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About Rooster_Ties

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  • Birthday 03/18/1969

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  • Gender Male
  • Location Washington DC!! (formerly Kansas City, MO)
  • Interests 'Progressive' hard bop (Andrew Hill!!!, Larry Young, Charles Tolliver, Woody Shaw, later Lee Morgan, Tyrone Washington). Also a big fan of 20th Century classical, and Frank Zappa.

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  1. I met both Michael Ray and June Tyson at the only Arkestra show with Sun Ra that I ever saw (in around 1990/91, in Chicago). Both were very friendly, and VERY gracious. Got both their autographs. I'm sure Ray was on one or two of the Arkestra shows I heard after Mr. Blount's passing, but I thInk Ms. Tyson had left us by that point, unfortunately. I count them as two of the most amazing voices in the entire Arkestra, right up there with John Gilmour and Marshall Allen, far as I'm concerned. Not quite their longevity with the band, of course, but every bit as impactful during their years in Sun Ra's orbit.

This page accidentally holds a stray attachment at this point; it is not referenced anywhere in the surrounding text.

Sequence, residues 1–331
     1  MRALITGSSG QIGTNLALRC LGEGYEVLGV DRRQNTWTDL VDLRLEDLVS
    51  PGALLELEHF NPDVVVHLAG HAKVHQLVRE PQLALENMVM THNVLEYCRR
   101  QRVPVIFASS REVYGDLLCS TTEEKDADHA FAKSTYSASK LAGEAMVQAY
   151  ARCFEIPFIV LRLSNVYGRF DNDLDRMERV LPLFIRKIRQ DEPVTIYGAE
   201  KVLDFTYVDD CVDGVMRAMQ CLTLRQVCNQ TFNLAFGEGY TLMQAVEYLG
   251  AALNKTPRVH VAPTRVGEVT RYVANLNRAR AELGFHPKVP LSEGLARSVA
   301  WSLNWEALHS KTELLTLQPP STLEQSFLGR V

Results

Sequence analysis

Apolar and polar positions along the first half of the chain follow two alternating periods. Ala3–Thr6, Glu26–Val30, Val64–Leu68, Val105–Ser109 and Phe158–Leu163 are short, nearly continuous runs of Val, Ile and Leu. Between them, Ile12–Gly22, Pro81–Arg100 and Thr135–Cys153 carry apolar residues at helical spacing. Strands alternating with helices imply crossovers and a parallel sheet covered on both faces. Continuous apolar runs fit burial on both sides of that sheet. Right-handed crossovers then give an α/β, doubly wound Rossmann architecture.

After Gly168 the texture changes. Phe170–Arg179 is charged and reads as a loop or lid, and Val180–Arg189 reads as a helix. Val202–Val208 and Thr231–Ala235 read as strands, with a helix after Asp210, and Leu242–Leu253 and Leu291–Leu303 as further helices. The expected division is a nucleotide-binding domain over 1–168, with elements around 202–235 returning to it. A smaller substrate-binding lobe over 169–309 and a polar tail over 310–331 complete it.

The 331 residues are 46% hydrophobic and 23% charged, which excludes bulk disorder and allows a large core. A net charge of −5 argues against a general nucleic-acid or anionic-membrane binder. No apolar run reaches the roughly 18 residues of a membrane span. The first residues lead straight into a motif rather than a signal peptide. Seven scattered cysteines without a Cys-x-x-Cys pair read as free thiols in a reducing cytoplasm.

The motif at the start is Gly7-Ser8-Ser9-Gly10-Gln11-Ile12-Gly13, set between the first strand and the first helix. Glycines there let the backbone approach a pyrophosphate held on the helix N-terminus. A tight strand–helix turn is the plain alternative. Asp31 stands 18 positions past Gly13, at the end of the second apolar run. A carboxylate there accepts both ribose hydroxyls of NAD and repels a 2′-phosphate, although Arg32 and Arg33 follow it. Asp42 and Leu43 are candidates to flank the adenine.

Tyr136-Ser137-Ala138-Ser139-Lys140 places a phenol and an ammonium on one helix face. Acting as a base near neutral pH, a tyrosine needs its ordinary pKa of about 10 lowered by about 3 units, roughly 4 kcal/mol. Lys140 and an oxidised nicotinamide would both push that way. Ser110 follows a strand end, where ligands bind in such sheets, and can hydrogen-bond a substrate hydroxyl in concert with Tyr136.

2. I recently got the Bee-Hive set too, and although I was a little trepidatious about doing so, I did break off two (2) teeth on each of those inside spindels, with a pair of needle nose pliars, and it works like a charm, perfectly. Two teeth alone still grip like a mofo, but it's WAY easier to get the discs out. With the needle nose, it took about 2-3 minutes total to fix all four boxes. No regrets, and quite as easy solution.
  3. Donny McCaslin